April 24, 2009

all thoughts are prey to some beast

Pep Suari, A Patchy Woman, 2005

East Bronx
-- by David Ignatow (1914-1997)

In the street two children sharpen
knives against the curb.
Parents leaning out the window
above gaze and think and smoke
and duck back into the house
to sit on the toilet seat
with locked door to read
of the happiness of two tortoises
on an island in the Pacific --
always alone and always
the sun shining.

Famous Last Words
-- by Antonia Clark

The dying make no bones about it. It’s life
they want to talk about—business as usual:
news and weather, sports, the sound of rain
striking the windowpane, the most recent hole in one,
stock prices, interest rates, errands to run.

The dying talk of elephants, veal pies, rising fog,
tiresome wallpaper, shore birds at low tide. Chekhov
spoke fondly of champagne, Bogart of Scotch,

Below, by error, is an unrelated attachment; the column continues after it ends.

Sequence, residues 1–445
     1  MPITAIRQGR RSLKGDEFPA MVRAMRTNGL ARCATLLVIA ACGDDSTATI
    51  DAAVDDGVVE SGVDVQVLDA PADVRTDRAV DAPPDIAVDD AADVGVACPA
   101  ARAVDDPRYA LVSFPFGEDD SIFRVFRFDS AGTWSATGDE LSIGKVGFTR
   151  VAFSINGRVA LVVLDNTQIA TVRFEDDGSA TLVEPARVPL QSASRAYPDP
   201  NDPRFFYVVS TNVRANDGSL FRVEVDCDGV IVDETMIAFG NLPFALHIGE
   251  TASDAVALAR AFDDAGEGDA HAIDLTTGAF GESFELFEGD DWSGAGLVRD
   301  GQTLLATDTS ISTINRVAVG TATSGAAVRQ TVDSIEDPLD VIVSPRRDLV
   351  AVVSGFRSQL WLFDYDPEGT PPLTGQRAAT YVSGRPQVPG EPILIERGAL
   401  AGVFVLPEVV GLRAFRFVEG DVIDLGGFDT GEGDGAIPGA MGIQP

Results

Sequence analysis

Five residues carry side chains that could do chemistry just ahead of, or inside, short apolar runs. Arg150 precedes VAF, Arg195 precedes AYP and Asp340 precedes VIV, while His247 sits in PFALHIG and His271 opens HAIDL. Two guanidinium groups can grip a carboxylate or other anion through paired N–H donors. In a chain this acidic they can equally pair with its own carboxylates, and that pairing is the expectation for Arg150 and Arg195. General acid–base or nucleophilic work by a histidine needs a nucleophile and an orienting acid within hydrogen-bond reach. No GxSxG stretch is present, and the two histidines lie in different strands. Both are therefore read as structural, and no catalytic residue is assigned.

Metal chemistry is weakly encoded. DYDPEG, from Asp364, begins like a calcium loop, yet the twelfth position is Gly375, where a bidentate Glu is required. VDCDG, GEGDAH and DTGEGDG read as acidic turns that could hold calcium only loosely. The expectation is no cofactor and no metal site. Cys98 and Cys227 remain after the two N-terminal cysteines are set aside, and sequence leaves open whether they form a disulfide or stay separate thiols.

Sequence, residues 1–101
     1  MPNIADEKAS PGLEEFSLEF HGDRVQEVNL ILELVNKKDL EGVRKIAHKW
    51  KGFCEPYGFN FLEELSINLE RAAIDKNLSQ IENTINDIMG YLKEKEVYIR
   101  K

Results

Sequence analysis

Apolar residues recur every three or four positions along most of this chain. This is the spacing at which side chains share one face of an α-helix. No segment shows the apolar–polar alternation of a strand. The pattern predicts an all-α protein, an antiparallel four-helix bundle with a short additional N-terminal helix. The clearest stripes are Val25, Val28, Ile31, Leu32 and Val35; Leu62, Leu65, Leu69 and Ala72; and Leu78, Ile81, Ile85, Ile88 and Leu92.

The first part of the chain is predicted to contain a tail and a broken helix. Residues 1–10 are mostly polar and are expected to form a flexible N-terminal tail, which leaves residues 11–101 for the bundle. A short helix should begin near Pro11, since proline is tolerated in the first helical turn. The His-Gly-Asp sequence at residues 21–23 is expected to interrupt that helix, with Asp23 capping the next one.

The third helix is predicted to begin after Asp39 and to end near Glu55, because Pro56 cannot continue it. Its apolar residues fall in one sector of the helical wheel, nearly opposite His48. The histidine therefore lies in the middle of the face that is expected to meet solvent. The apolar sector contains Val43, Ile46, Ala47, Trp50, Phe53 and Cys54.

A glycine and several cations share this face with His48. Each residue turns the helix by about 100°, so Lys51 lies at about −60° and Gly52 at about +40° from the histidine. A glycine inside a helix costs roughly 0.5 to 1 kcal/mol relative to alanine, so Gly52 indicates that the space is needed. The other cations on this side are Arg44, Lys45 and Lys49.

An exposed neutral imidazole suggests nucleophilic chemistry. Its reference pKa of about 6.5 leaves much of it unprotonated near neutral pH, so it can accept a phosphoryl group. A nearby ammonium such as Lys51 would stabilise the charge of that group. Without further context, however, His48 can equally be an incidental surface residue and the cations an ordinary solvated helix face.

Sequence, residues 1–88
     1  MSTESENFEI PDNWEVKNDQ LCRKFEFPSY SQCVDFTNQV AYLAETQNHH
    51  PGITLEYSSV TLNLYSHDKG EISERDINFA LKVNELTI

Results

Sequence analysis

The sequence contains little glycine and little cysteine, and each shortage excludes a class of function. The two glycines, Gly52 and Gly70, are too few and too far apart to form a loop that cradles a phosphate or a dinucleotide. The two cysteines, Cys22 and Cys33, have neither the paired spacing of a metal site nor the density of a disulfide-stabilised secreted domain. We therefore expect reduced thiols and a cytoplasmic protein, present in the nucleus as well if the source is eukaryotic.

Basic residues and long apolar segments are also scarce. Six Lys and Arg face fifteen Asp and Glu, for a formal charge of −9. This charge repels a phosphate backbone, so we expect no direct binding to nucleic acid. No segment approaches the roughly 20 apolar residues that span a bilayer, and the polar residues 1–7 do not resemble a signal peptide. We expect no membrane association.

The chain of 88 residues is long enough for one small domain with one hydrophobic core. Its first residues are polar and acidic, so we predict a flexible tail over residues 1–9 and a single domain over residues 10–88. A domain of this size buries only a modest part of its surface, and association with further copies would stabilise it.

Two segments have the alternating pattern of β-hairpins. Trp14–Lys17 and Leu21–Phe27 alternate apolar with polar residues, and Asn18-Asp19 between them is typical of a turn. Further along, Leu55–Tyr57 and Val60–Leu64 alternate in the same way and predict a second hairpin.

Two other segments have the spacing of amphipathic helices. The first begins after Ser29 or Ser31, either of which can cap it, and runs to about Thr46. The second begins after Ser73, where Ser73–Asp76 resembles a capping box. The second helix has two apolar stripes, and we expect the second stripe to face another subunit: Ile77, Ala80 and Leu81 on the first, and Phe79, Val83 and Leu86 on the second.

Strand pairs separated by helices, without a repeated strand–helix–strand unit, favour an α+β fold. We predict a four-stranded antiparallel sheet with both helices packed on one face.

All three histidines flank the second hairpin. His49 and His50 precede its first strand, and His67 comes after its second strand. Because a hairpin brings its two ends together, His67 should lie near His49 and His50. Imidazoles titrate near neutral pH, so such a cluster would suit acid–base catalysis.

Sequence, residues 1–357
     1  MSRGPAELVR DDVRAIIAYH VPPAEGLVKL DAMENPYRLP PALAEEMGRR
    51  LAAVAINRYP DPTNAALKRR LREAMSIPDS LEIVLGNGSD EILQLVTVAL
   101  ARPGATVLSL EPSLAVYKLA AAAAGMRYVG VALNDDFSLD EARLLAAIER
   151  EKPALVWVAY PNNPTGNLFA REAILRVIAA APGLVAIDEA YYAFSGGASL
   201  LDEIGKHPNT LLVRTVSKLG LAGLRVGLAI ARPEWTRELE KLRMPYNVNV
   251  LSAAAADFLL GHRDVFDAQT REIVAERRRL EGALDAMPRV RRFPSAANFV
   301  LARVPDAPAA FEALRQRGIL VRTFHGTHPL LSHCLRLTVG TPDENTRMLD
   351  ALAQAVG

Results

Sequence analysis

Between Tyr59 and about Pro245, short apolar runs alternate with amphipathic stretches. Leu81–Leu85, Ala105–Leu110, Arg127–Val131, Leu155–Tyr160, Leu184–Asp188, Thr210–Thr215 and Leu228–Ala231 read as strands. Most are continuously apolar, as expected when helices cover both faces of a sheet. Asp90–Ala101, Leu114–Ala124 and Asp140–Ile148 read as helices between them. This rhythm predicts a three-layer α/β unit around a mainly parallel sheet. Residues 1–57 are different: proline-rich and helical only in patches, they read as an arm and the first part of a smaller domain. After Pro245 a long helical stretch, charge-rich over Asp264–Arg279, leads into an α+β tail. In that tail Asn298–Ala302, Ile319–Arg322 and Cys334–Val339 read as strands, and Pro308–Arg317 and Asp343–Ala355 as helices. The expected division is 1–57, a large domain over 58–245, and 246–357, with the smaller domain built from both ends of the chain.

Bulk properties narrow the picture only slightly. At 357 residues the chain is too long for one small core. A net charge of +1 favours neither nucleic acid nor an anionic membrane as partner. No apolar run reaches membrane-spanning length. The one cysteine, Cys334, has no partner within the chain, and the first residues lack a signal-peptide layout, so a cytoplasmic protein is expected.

Dylan Thomas totted up his whiskeys, satisfied.
They often speak of the dark or ask for the light
to be left on or off. They may cry out,
“I’m still alive!” or more soberly reflect
on things they should have done or said,
bills still unpaid, books left unread.

My father, a joker even at the end,
said, “Don’t call me, I’ll call you.” It’s kept
the thought of him alive, it’s true. Hope springs
eternal, just like fear, each time the phone rings.

Getting It Right
-- by Jack Gilbert

Lying in front of the house all
afternoon, trying to write a poem.
Falling asleep.
Waking up under the stars.


Anonymous Anonymous said...

I'm digging the Bill Callahan, too.

(Can't believe I said "digging".)

Sherwood Anderson

12:36 PM  

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